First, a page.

All the meeting materials and agenda can be accessed online.

Monday, December 13, 2010

Biofuels Discussed At Renewable Energy Policy Forum

On December 8 and 9, the American Council on Renewable Energy held the Phase II National Policy Forum on Capitol Hill to engage in open discussion and dialogue about a new, collaborative national renewable energy policy agenda. The two-day event featured a multitude of speakers, including members of Congress, representing various organizations, agencies, and industries. The panelists touched on key issues to explore a new, non-partisan renewable energy policy agenda to communicate to private capital markets the need for a national renewable energy scale-up.

Agriculture’s role in the renewable energy scale-up was discussed in a session entitled “The State of Renewable Energy in America”. Jeff Broin, president of POET, a U.S. biofuel company and world’s largest producer of renewable fuels, spoke about the current state and future of the U.S. ethanol industry. Broin began his remarks by speaking about the growth of the ethanol industry and its major role in the U.S. transportation fuels market. He said that the Environmental Protection Agency’s recent approval of the E15 blend for vehicles made since 2007 and on, is a step forward as it will allow more of the American car and light truck fleet to use a higher ethanol blend.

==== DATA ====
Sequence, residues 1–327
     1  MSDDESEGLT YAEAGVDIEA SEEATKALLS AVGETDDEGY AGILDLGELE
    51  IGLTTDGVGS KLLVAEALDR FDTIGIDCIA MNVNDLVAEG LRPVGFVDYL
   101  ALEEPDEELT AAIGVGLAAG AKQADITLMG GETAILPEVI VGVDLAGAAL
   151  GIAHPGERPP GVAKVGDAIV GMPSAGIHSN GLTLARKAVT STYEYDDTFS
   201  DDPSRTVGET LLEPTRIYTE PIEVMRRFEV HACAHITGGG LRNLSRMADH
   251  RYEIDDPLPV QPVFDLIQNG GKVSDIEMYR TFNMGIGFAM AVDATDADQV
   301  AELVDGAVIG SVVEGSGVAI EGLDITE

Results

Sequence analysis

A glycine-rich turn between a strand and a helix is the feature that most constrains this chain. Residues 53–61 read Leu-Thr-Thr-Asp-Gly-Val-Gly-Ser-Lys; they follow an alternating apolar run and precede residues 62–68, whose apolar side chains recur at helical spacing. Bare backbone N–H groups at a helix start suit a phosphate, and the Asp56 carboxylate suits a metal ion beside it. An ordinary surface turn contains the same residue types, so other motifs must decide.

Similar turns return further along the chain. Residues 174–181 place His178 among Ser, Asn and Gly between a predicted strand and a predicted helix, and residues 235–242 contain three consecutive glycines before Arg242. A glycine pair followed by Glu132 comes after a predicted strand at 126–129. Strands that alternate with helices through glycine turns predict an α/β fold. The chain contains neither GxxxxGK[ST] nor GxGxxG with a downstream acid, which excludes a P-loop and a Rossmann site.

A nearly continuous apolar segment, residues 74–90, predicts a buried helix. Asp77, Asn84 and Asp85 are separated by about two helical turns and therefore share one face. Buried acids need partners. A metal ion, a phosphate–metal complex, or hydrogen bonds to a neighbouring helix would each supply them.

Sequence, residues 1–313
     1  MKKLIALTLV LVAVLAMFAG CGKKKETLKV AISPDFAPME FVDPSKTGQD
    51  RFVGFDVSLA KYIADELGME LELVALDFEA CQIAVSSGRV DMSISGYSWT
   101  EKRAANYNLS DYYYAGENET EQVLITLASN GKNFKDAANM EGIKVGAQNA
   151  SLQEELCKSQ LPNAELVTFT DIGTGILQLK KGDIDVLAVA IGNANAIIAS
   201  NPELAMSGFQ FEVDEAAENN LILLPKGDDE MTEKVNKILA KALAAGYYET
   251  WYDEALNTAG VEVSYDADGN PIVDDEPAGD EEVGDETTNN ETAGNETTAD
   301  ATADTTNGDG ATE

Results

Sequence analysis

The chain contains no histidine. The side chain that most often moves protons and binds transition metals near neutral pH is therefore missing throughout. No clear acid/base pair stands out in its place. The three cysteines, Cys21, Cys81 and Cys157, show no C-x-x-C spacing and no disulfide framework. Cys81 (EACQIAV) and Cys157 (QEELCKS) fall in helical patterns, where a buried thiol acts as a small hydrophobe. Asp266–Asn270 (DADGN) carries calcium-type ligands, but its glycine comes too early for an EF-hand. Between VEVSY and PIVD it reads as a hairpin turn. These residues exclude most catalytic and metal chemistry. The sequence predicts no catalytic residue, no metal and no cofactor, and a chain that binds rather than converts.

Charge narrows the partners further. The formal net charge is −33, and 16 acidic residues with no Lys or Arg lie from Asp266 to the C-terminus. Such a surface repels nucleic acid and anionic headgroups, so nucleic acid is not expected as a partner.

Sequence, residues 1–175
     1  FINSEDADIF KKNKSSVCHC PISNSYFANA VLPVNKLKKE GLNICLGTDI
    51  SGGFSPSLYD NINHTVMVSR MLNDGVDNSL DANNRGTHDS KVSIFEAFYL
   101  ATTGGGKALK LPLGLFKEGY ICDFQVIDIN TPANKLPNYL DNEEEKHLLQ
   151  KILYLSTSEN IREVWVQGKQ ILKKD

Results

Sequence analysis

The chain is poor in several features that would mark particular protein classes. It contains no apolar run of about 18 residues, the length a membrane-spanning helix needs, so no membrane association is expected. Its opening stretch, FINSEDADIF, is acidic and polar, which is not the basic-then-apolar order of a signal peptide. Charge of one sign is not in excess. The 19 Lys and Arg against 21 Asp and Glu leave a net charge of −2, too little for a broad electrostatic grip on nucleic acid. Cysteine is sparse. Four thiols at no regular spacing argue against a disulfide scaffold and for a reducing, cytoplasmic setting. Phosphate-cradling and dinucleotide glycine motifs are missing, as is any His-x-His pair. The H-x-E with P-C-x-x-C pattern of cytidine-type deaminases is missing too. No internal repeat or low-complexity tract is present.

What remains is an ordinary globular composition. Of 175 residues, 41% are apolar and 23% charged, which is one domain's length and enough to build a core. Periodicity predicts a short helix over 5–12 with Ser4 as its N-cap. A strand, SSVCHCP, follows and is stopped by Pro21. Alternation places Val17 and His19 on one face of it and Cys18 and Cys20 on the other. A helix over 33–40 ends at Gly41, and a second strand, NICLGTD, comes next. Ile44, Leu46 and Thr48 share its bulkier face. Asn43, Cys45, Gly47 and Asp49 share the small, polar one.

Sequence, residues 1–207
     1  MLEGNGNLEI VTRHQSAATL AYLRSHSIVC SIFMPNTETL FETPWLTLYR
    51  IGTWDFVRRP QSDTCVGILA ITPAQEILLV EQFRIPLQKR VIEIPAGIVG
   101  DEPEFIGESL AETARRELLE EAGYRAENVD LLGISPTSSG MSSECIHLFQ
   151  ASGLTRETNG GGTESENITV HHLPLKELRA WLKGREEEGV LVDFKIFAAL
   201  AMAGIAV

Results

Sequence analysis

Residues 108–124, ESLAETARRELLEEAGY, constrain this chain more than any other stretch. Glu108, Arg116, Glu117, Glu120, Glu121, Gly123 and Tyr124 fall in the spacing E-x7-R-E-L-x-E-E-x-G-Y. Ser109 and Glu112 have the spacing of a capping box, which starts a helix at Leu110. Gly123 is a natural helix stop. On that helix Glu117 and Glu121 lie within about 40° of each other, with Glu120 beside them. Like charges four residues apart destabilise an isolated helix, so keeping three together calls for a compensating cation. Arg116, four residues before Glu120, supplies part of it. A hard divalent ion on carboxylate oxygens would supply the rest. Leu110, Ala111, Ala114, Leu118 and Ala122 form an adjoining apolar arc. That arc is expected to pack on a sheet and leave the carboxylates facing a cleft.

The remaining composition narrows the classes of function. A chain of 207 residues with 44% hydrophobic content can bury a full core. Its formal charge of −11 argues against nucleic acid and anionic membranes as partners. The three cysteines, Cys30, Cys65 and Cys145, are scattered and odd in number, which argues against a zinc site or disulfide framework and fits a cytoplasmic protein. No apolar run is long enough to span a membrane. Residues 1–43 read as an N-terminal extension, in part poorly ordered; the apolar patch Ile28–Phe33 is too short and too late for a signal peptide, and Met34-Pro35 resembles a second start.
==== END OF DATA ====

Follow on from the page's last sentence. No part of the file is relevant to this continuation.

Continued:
Broin emphasized the need for the U.S. to strive for eventual approval and use of 27% ethanol in the U.S. gasoline supply to meet renewable fuel standard (RFS) targets. Broin also made clear that POET will continue to concentrate on developing cellulosic ethanol production with the goal of contributing 3.5 billion gallons of cellulosic ethanol to the RFS by 2022.

In the discussion following the session, Broin indicated that until the biofuel industry has more infrastructure to compete with oil, an extended tax credit for ethanol blenders to encourage biofuel production will be necessary. If the tax credit is phased out over a period of time, the money saved from the phase-out should be directed towards helping finance the needed infrastructure and new equipment such as blender pumps at gas stations to make higher ethanol blends available to motorists.

Based on the wide variety of key energy issues discussed during the forum and the amount of time dedicated to the dialogue about biofuels, it was evident that agriculture will play a strong role in a national renewable energy scale-up. To learn more about the forum and speakers, visit the forum webpage at: